Court of Appeals of Texas, Eighth District, El Paso
from the 65th District Court of El Paso County, Texas (TC#
McClure, C.J., Rodriguez, and Palafox, JJ.
T. RODRIGUEZ, JUSTICE
Patricia Gonzalez brings a restricted appeal from a
protective order. We reverse and remand.
Perez filed an application for a protective order pursuant to
Article 7A.01(a)(1) of the Texas Code of Criminal Procedure
based on allegations that Perez's sister, Yolanda
Patricia Gonzalez, had been stalking her. See
Tex.Code Crim.Proc.Ann. art. 7A.01(a)(1); Tex.Penal Code Ann.
§ 42.072(a). The trial court granted Perez's motion
for substituted service and ordered that service on Gonzalez
be effected by affixing a copy of the application for
protective order, order to show cause, and order extending
temporary ex parte order to the front door of her residence.
The citation return recites that a Deputy Sheriff posted the
application on the door of the El Paso County Courthouse
rather than Gonzalez's residence. The trial court entered
a default protective order on April 9, 2018 pursuant to
Article 7A of the Texas Code of Criminal Procedure and Title
4 of the Texas Family Code. Significantly, Gonzalez admits in
her brief that she received notice that the protective order
had been entered. Despite receiving this notice, Gonzalez did
not file a timely motion for new trial seeking to set aside
the default judgment based on defective service. See
Tex.R.Civ.P. 329b(a)("A motion for new trial, if filed,
shall be filed prior to or within thirty days after the
judgment or other order complained of is signed.").
Likewise, she did not file a timely notice of appeal from the
29, 2018, the trial court signed an amended nunc pro
tunc protective order. Gonzalez did not file a timely
notice of appeal from the amended protective order. More than
two months after the trial court signed the amended
protective order, she instead filed a motion to vacate the
protective order. Following a hearing, the trial court denied
the motion to vacate, and Gonzalez filed a timely notice of
appeal from that order. Her notice of appeal also states that
this is a restricted appeal.
sole issue, Gonzalez contends that the default protective
order is void due to defective service and should be vacated.
As part of this issue, she argues that the trial court erred
by failing to grant her motion to vacate. Perez has not filed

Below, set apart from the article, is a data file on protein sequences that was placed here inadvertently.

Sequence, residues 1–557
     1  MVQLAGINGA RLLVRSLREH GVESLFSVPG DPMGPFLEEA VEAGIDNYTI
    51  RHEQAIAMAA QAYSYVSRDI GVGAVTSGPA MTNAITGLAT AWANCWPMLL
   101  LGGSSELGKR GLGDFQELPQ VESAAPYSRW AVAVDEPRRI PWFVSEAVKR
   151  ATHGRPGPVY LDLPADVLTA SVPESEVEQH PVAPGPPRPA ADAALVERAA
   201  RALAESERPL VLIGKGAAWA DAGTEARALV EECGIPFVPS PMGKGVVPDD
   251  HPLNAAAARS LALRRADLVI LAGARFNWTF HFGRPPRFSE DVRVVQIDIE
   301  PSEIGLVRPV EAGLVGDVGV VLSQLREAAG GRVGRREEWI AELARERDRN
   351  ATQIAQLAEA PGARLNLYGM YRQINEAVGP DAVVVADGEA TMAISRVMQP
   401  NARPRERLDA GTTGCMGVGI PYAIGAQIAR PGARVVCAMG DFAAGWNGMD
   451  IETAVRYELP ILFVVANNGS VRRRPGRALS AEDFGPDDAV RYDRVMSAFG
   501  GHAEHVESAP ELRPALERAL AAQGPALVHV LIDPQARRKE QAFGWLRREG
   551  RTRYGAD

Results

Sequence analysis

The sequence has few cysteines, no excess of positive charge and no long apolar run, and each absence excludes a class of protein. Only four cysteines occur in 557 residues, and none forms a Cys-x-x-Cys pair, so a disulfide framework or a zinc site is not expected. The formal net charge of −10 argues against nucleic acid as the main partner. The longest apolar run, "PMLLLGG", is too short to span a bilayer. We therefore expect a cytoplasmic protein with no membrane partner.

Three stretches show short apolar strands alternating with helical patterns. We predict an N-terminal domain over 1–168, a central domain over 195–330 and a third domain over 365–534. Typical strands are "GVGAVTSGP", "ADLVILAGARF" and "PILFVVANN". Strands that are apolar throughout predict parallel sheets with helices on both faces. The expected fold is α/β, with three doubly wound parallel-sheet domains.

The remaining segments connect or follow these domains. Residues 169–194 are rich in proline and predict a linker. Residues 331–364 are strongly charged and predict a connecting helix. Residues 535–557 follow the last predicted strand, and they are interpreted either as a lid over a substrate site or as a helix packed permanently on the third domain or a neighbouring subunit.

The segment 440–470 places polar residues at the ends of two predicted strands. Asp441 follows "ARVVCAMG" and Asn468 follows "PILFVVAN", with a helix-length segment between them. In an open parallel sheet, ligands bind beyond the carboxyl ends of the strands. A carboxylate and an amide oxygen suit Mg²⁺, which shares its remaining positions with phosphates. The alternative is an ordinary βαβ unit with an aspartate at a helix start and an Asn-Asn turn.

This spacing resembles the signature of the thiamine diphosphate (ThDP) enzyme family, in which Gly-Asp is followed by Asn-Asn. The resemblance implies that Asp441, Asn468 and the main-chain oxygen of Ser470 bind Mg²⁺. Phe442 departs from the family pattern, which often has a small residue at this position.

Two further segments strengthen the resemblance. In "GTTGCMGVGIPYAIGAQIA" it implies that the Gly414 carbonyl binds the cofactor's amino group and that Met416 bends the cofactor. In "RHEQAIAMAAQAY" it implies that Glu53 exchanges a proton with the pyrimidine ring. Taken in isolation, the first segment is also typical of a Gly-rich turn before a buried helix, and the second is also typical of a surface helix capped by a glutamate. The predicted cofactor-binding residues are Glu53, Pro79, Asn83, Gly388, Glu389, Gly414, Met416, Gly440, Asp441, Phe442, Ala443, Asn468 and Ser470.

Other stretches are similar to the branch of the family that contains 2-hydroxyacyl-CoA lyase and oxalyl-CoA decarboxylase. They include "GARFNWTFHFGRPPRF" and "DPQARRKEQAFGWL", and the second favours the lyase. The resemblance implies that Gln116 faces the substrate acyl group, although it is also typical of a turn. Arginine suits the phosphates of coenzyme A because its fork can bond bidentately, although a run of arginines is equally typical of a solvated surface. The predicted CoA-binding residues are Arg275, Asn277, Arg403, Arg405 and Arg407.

necessary to first address whether Gonzalez had standing to
file a motion to vacate the protective order. Gonzalez did
not file a timely notice of appeal from either the April 9,
2018 protective order or the June 29, 2018 amended nunc
pro tunc protective order. Consequently, she is
relegated to challenging the protective order by other means.
The Family Code permits either the original applicant or the
person subject to the protective order to move the issuing
court to reconsider the continuing need for a protective
order after one year. Tex.Fam.Code Ann. § 85.025(b);
see R.M. v. Swearingen, 510 S.W.3d 630, 634
(Tex.App.-El Paso 2016, no pet.). Assuming for the sake of
argument that Gonzalez's motion to vacate can be
construed as a motion to reconsider pursuant to Section
85.025(b), it was premature. Therefore, Gonzalez did not have
standing under the Family Code to challenge the protective
trial court expressly found that there are reasonable grounds
to believe that Perez is the victim of stalking, and the
trial court recited in the protective order that it was
entered pursuant to Article 7A of the Code of Criminal
Procedure. A protective order entered under Article 7A may be
rescinded only upon the request of the victim. Tex.Code
Crim.Proc.Ann. art. 7A.07(b); R.M., 510 S.W.3d at
634. Consequently, Perez does not have standing to file a
motion to vacate or rescind the protective order under
Article 7A.07(b). See Molinar v. S.M., No.
08-15-00083-CV, 2017 WL 511888, at *2 (Tex.App.-El Paso Feb.
8, 2017, pet. denied); R.M., 510 S.W.3d at 634.
can prevail in a restricted appeal only if: (1) it filed
notice of the restricted appeal within six months after the
judgment was signed; (2) it was a party to the underlying
lawsuit; (3) it did not participate in the hearing that
resulted in the judgment complained of and did not timely
file any post-judgment motions or requests for findings of
fact and conclusions of law; and (4) error is apparent on the
face of the record. Insurance Company of State of
Pennsylvania v. Lejeune, 297 S.W.3d 254, 255 (Tex.
2009). In a restricted appeal, the face of the record
consists of all papers on file in the ...